Another three guides remain missing and searchers are working quickly to find them in case weather conditions deteriorate, said Maddhu Sunan Burlakoti, head of the Nepalese government's mountaineering department.
But the painstaking effort involves testing the strength of newly fallen snow and using extra ropes, clamps and aluminium ladders to navigate the treacherous Khumbu icefall, a maze of immense ice chunks and crevasses.
The avalanche slammed into the guides at about 6.30am local time yesterday near the "popcorn field", a section of the Khumbu known for its bulging chunks of ice.
The group of about 25 Sherpa guides were among the first people making their way up the mountain this climbing season. They were hauling gear to the higher camps that their foreign clients would use in attempting to reach the summit next month.
One of the survivors told his relatives that the path had been unstable just before the snow slide hit at an elevation near 19,000ft. The area is considered particularly dangerous due to its steep slope and deep crevasses that cut through the snow and ice covering the pass year round.
As soon as the avalanche occurred, rescuers, guides and climbers rushed to help, and all other climbing was suspended.
Seven of the 12 bodies pulled out and brought down yesterday were handed over to their families in the Everest region, while the other five were taken to Katmandu, Nepal's capital.
Four survivors were conscious and being treated in the intensive care units of several Katmandu hospitals for broken ribs, fractured limbs, punctured lungs and skin abrasions, according to Dr CR Pandey from Grande Hospital. Others were treated for less serious injuries at the Everest base camp.
Hundreds of climbers, guides and support crews had been at Everest's base camp preparing to climb the 29,035ft peak when weather conditions are most favourable next month. As with each year, the Sherpa guides from each of the expedition teams had been working together to prepare the path by carving routes through the ice, fixing ropes on the slopes and setting up camps at higher altitudes.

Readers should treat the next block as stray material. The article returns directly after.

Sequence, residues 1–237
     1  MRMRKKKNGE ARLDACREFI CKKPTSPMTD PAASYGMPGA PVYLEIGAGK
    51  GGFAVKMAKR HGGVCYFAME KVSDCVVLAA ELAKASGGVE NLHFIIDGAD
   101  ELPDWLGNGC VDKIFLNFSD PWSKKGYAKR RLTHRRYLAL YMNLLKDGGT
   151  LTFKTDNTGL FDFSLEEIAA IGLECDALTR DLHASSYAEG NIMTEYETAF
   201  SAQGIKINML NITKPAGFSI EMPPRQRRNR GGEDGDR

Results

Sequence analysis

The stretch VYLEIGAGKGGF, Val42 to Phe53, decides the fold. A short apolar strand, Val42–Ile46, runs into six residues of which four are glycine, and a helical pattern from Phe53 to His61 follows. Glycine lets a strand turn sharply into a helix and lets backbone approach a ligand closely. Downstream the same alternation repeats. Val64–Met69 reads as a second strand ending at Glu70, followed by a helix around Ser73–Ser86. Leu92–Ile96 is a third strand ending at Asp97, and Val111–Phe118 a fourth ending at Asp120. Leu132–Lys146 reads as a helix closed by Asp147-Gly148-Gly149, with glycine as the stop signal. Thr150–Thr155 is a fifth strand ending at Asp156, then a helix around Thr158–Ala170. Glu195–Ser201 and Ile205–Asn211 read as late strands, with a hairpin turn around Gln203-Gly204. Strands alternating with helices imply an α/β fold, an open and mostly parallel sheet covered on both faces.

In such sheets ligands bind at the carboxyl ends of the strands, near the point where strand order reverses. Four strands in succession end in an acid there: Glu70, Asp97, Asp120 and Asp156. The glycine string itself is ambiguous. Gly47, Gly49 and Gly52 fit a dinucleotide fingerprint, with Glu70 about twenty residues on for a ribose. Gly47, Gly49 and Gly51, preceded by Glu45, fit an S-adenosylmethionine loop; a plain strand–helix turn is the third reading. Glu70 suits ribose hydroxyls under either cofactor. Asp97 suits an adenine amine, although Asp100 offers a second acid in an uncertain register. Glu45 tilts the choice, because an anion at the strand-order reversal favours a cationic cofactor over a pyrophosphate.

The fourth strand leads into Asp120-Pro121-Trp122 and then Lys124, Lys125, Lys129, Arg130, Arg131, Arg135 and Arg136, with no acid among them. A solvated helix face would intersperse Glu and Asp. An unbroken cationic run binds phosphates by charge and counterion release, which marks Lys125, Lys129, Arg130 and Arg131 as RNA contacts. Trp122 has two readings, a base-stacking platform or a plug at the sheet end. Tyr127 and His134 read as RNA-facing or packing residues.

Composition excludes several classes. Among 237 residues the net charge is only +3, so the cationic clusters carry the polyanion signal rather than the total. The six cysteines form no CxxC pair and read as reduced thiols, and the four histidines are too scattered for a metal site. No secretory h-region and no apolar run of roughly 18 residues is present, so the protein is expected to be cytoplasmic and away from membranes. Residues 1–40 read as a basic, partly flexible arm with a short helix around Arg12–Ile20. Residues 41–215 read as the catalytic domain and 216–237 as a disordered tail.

One of the injured guides, Dawa Tashi, said the Sherpas were delayed on their way up the slope because the path was unsteady. With little warning, a wall of snow crashed down on the group and buried many of them, according to Tashi's sister-in-law Dawa Yanju. Doctors said Tashi, who was partially buried in the avalanche, suffered several broken ribs.
The Sherpa people are one of the main ethnic groups in Nepal's alpine region, and many make their living as climbing guides on Everest and other Himalayan peaks.
The worst recorded disaster on Everest had been a fierce blizzard on May 11, 1996, that caused the deaths of eight climbers, including famed mountaineer Rob Hall, and was later memorialised in the book Into Thin Air by Jon Krakauer.
Six Nepalese guides were killed in an avalanche in 1970.
Earlier this year, Nepal announced several steps to better manage the heavy flow of climbers and speed up rescue operations. The steps included the dispatch of officials and security personnel to the base camp at 17,380ft, where they will stay throughout the spring climbing season, which ends in May.